Physicians need to document care in the EHR, but they can either keep the computer out of the room or embrace it to focus on the patient.
Mott Blair, a Wallace, N.C.-based family physician, doesn't get distracted by the EHR in the patient exam room. That's because he keeps it in the hallway, right outside the exam room. He uses an old-fashioned clipboard and paper to take notes during patient visits.
"I do all my work face-to-face with patients. I maintain that eye contact, and I always listen," he says.
This work flow has been intentional on Blair's part, since he's witnessed many physicians "caught up" entering data and not focusing their attention on patients.
His patient's experience starts with a nurse at the practice capturing their vitals, chief complaint, and current medications and documenting those details in the EHR. On his way to the patient exam room, Blair views the patient's record and then enters the exam room, where he focuses his attention on the patient in the room.
He has his clipboard with a piece of paper on it to make notes about anything that's out of the ordinary with his patient. "If things are normal, you don't have to write them down," he says. Blair updates the vast majority of his patients' records in the EHR shortly after their visits.
Towards the end of the visit, Blair asks his patient to get dressed and exits the room to update the patient's record with details from that day’s visit in the EHR. This enables him to hand the patient their visit summary and any prescriptions when Blair returns to the exam room.
Committed to not bringing work home with him at the end of the day, Blair will stay at the practice to update all of his patients' charts. Still, he acknowledges that his efficiency has gone down since he's been using the EHR to document care.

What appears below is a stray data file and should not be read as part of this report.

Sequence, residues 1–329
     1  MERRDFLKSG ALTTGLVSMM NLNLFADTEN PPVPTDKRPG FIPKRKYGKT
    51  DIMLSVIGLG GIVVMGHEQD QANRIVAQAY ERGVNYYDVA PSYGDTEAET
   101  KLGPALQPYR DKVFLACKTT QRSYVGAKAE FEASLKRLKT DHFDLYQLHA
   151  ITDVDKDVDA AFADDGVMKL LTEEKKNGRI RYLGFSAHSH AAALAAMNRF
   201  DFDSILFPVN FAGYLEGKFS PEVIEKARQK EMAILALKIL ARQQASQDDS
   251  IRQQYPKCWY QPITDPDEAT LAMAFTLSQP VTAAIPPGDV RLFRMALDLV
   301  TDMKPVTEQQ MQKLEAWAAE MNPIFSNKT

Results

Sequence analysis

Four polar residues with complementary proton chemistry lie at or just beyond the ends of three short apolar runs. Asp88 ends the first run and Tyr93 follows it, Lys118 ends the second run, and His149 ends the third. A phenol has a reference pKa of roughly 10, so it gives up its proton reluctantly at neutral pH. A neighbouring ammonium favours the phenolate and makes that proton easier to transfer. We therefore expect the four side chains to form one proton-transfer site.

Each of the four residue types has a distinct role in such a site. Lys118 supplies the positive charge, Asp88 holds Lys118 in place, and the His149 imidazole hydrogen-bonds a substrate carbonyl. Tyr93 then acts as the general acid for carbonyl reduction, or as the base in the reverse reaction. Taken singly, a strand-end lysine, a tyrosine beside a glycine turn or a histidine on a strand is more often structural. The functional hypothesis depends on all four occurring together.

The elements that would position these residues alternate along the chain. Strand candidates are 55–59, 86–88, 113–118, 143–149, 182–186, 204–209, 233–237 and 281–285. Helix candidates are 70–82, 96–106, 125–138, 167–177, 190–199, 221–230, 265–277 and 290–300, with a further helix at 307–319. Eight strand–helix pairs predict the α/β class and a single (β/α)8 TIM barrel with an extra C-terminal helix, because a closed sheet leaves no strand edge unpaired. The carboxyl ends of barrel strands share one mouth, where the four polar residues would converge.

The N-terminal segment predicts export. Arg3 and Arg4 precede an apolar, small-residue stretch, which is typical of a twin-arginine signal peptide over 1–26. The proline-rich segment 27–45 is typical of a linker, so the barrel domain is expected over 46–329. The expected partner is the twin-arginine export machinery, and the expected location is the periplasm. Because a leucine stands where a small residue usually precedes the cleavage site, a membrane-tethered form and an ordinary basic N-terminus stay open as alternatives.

"My advice for doctors is this: Number one, never turn your back on a patient while entering information [into the EHR]. I've observed that myself, whether it's a nurse or a doctor entering data," he says.
Blair treats many complex patients in his family medicine practice, and all of that detail needs to be captured in the EHR. While sometimes devoting 20 to 30 minutes at the end of the day finishing his patients' charts is the norm, Blair says his approach works best for him and his patients.
"The most important thing as a family doctor is our interactions with patients. That's something we have to try to preserve," he adds.
Whether the physician chooses to keep the computer in the room or not, Daniel Clark, senior vice president of consulting at The Advisory Board, says maintaining the right attitude toward the EHR is important.
"If [the physician] hates [the EHR], that attitude will come across in direct and indirect messages the patient and family will pick up. The opposite is also true. If they believe that the [EHR] as a net positive, that will also come across," he says.
Clark recommends that physicians ignore the computer upon entering the exam room. Spend the first part of the visit maintaining direct eye contact with the patient and their family, he advises. Then, only if necessary, log on to the computer
The positioning of the monitor matters, adds Clark. The patient should be able to see what their physician is typing, so he recommends positioning the screen so the patient can clarify the reason for the visit, current medications, and past medical history.
Physicians can also add value by using the computer monitor to show the patient their latest lab results or X-ray, CT, or MRI images, says Clark. He also highlights that this is a great opportunity to introduce the patient to the practice's patient portal, demonstrate secure messaging between the patient and their care team, and stay on schedule with recommended screening tests and procedures, such as mammograms and colonoscopies.